I met a wonderful woman , Linda Sperl, while visiting Maya Tulum this past February. We have kept in touch and given each other book suggestions and words of encouragement. She is a very compassionate and thoughtful friend. Linda teaches yoga and writes to her students about meditation and important things in life. She shared a recent writing of hers this past week and she was graceful enough to let me share it with you all.
“I recently read that instructions for living through the next few months should be simple. Winter is approaching and nature tells us that it is natural to slow down and become quiet and introspective. Yet, as we approach the holiday season, it seems that for many of us, the exact opposite becomes true. Our daily to-do lists begin to become filled with frenetic shopping for holiday foods and gifts, rushing to meet deadlines, overextending our social commitments, skipping regular meals, and perhaps taking in those extra cups of coffee just to keep up the pace. It is no wonder that by the time the holidays do arrive, we are drained, tired, and cranky. We have overworked ourselves into such a state that we have lost our opportunity to enjoy and relax into the quiet and tranquil season of winter.
As the season of winter approaches, please join me in initiating a to-do list makeover. Allow your body, mind, and spirit to naturally follow the inclinations of their natural winter states. Here are a few suggestions that may get you started on resetting your winter buttons:
1. Rest more- Although we may feel that we don’t have the time to take brief pauses in our day, rest is imperative. A short, daily cat –nap, 10 minutes of viparita karani (legs up the wall), or stopping to drink a hot, soothing cup of tea are all simple and manageable techniques that can greatly benefit and refuel our energy reserves. It is interesting to note that the idea of a coffee or tea “to go” is relatively unknown in many other countries. Stop, breathe, and enjoy.
2. Prepare and eat warm, nourishing meals- Winter gently reminds us that comforting, warm foods allow our bodies to sustain the cold weather season. Preparing warm oatmeal, hot soups, and stews are wonderful antidotes during the cold and flu season. Making big batches of soups can also free up time during the rest of the week. Set the ambiance. Enjoy selecting fresh ingredients. Play soothing music. Become mindful during food preparation. Notice the chopping, stirring, and aromas. Resist answering/talking on the phone or checking your e-mail while cooking and eating. Eat your meals with a grateful heart.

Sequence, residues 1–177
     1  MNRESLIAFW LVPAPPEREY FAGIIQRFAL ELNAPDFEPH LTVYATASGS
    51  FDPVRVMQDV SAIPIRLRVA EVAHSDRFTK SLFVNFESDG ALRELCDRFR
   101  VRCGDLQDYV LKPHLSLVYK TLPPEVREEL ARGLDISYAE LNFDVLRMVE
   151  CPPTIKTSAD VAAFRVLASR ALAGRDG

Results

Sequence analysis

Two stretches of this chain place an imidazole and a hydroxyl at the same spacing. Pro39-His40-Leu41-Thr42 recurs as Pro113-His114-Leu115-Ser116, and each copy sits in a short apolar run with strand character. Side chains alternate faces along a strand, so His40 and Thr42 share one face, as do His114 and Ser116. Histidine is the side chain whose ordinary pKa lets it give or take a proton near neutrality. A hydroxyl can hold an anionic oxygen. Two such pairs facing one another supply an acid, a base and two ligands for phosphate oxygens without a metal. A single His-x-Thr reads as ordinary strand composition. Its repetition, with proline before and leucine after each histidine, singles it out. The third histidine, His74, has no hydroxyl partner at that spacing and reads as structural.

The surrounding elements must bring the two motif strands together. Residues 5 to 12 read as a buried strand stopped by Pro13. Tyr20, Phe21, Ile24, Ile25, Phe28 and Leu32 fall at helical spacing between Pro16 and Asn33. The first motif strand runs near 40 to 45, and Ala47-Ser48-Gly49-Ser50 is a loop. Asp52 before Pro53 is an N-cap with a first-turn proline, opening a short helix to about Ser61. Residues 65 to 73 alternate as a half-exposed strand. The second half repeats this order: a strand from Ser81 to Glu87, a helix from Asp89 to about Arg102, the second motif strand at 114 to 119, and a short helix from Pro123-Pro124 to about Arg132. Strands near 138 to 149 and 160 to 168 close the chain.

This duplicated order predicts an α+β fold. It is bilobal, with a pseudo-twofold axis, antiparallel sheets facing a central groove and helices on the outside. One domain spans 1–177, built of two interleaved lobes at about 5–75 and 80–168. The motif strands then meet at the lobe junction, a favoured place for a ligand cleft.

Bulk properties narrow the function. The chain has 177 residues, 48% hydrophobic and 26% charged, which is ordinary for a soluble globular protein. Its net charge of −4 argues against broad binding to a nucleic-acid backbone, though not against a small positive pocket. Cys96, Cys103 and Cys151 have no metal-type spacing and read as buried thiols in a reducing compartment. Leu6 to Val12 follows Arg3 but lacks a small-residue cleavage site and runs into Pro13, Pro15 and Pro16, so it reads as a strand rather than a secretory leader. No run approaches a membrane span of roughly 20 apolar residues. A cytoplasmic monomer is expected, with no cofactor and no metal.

3. Practice yoga- Sometimes, the colder season makes us feel like not doing much of anything physically. The good news is that winter is yin season which can mean a quieter, softer practice. Poses may be held for longer periods of time and stretches are gentler and more restorative. Continuing to practice our yoga and gentle movements during these long, dark months benefit, not only our bodies, but our states of mind. Breathe and allow the practice of yoga to nurture and sustain your body, mind, and spirit throughout the season.
4. Enjoy winter’s nature- Don’t let the cold keep you indoors for the next few months! Go outside and enjoy the beauty of the season! There are many winter days that are perfect for walks in nature. Have you recently visited Morton’s Bird Sanctuary in Sag Harbor where sweet, little birds will land in the palm of your hand with the promise of a seed? Or the ocean or bay on a sunny afternoon? How about an evening walk with the brilliance of a thousand stars above or a stroll through freshly fallen snow? A connection with nature can reset our winter buttons and freshen our perspective on the season. Practice this regularly to keep your body and soul connected to the earth.
5. Go inward-Winter is often considered the most reflective time of year. Consider getting in touch with feelings and thoughts through the practice of journaling. Or begin to sit for meditation for 5-10 minutes everyday. Why not melt away the day with a warm bath before bed? Noticing our thoughts and feelings and allowing them to pass through us can improve our attitudes and our spirits and allow us to move through this season with a lightness of being and a warm heart.
Re-choosing how to enter this season has become an exploratory exercise in self-inquiry. I am suddenly looking forward to my re-vamped to-do list. So, I ask you, what does your to-do list make-over look like?
Wishing you an abundance of blessings this winter season. Namaste”
Thank you Linda for your wonderful words of wisdom!
If your plan is to stay totally raw and you are wondering how to make the hot meals Linda talks about, consider investing in a dehydrator if you don’t already have one. It is truly the raw foodists oven! You can also slighly heat raw soups and still preserve the “liveness” by keeping the temp under 110 degrees.
Take time to slow down this Holiday Season and take very good care of yourself and appreciate your friends and family by just being present with them!